Hospital disinfectant of the future?

11th of January 2018 Article by Anna Garbagna
Hospital disinfectant of the future?

ECJ's Italian correspondent Anna Garbagna reports on a new formula developed in Rome which could become a future hospital disinfectant.

Breaking news for the scenario of the cleaning of large communities - especially those connected with healthcare.

Research carried out by Catholic University of the Sacred Heart, in cooperation with  National Research Council (CNR) in Rome, found solutions to achieve new possibilities to defeat antibiotic resistance in hospitals by using a totally innovative formula.

The discovery lead to a new formulation, which can be obtained in gel or liquid form, based on graphene, a material made of carbon which is found in common pencil graphite. Graphene has the tensile strength of diamond and the flexibility of plastic. Furthermore, and this is the great discovery, apparently graphene can destroy bacteria and killer fungi in hospitals, such as Staphylococcus aureus and Candida albicans to name but a few.

“Graphene could become a hospital disinfectant, we are close to this target” declared Professor Massimiliano Papi from the research group of Università Cattolica in Rome.

The benefit is double, given that graphene is an environmentally friendly molecule as well as a substance which can be obtained at low cost. Furthermore, as well as being a disinfectant graphene could be used to coat medical and surgical instruments and thus contribute to reducing infections, especially after a surgical operation when these type of contagions easily occur. 

All this would also lead to a reduction in the use of antibiotics and therefore antibiotic resistance. The team that worked  on this project examined in particular the effect of graphene on three bacteria: Staphylococcus aureus and Enterococcus faecalis, causes of opportunistic infections (ie, typical of organisms associated with compromised immune systems) and nosocomial (ie, occurred during hospitalisation or after the patient’s discharge when the condition was not clinically evident at the time of admission to hospital nor in incubation), and Escherichia coli, which can cause severe food poisoning.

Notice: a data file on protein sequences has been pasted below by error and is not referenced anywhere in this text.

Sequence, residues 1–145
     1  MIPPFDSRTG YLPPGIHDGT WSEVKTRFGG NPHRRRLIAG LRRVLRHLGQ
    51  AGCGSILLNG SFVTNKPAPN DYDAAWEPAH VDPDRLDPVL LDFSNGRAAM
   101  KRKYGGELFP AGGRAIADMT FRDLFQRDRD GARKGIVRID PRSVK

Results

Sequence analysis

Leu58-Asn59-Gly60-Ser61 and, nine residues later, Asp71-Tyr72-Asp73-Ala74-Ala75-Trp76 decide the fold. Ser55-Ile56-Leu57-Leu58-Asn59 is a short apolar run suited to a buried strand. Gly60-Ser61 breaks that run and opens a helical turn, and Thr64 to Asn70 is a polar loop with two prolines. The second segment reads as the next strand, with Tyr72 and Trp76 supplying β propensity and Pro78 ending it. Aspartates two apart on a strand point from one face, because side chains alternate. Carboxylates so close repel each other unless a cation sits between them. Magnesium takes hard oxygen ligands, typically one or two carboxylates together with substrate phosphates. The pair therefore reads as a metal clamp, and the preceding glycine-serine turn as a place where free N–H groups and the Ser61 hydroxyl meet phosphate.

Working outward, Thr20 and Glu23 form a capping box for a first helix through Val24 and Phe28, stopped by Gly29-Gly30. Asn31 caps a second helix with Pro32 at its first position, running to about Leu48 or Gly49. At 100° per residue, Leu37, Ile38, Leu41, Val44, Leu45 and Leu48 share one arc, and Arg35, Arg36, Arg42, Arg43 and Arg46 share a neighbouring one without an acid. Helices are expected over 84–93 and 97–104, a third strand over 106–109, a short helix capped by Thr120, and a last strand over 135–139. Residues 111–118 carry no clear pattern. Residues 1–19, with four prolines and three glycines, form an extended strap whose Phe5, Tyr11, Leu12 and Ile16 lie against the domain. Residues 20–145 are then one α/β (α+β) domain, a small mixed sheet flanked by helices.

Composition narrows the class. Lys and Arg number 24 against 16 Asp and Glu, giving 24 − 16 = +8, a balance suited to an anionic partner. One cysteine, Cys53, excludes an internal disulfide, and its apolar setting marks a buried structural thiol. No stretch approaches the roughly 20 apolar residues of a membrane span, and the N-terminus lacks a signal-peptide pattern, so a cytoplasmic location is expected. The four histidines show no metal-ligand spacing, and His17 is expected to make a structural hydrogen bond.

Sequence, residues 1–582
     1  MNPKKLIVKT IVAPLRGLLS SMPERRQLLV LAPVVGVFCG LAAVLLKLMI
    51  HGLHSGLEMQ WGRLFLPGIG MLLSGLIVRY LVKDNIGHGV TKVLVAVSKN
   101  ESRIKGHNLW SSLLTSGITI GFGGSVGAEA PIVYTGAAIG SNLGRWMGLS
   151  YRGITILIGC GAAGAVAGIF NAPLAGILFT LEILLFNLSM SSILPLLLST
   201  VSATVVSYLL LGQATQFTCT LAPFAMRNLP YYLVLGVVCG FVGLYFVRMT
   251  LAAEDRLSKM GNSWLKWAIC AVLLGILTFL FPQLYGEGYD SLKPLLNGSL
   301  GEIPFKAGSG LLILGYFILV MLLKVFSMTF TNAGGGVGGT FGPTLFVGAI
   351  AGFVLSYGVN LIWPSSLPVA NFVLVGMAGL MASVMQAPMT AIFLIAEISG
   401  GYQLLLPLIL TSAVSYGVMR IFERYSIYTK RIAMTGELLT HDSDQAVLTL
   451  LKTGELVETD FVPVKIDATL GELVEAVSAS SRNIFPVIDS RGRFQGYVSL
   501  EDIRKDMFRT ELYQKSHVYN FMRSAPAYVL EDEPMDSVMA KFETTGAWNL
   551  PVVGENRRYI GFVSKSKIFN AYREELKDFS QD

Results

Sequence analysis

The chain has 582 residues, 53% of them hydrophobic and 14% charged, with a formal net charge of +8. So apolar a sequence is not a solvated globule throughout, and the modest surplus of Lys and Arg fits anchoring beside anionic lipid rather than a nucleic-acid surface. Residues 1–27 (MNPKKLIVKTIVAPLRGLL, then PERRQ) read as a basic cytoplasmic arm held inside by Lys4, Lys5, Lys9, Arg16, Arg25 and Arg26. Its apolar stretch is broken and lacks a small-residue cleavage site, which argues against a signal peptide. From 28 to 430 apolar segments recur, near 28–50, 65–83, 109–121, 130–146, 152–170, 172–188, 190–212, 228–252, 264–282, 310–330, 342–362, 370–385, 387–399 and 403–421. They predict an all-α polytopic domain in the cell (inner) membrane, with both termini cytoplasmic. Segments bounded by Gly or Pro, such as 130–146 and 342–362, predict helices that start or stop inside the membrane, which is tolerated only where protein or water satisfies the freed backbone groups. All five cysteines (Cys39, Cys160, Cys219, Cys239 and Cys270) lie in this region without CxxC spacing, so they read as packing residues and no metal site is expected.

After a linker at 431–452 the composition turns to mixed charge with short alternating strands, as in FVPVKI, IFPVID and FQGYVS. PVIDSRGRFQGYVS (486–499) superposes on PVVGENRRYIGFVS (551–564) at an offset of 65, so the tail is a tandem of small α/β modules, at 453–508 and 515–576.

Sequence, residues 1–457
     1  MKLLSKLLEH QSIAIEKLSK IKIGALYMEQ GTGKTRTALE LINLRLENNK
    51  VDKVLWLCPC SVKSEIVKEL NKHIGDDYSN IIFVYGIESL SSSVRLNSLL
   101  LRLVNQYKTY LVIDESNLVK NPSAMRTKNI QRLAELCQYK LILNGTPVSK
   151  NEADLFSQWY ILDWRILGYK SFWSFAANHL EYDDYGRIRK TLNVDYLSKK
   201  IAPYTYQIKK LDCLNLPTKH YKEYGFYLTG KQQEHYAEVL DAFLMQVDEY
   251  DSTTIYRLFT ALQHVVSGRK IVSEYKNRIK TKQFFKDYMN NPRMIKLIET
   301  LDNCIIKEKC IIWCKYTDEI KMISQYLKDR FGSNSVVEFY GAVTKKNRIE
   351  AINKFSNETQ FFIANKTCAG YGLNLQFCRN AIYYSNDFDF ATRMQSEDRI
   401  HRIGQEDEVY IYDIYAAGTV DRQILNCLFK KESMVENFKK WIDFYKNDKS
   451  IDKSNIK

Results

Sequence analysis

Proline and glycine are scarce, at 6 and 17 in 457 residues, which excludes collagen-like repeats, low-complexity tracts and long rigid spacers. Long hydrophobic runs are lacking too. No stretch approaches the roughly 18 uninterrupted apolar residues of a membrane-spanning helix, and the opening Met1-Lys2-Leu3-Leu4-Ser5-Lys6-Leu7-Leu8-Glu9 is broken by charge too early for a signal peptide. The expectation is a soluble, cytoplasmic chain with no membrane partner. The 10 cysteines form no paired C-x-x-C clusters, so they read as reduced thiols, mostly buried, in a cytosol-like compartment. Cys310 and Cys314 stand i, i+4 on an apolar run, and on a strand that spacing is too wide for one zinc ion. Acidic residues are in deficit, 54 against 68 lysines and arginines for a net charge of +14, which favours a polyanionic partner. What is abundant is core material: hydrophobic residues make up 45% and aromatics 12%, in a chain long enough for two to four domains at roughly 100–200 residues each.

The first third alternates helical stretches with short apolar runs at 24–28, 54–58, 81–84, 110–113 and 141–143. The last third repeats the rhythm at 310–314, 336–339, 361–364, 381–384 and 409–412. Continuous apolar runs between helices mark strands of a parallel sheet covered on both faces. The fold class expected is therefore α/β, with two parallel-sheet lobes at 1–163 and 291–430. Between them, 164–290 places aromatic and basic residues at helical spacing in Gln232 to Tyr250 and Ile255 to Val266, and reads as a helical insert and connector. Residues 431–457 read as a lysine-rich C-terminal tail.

Graphene has triple mechanisms of action: it can cut the bacteria’s walls like a blade thus killing them; it can trap bacteria like a blanket isolating them from the external world thus suffocating them; and last but not least, it can alter their metabolism to prevent multiplication. It is exactlythis triple action which makes it superior to other contemporary antibacterial agents which the killer germs can easily create resistance to.

“It is about a strongly interdisciplinary study, where the basic competences on physics of complex systems are vital for a concrete application, which is near to practical use,” commented Professor Conti, director of the Institute of Complex Systems at CNR in Rome. “Results like these
put the science of complexity at the cornerstone of modern research” .

“Graphene could become a hospital disinfectant - we are close to this target,” concluded Professor Papi.

This is definitely a great step forward in the search for best hygiene as well as for cost control in the field of communities and hospitals cleaning.

 

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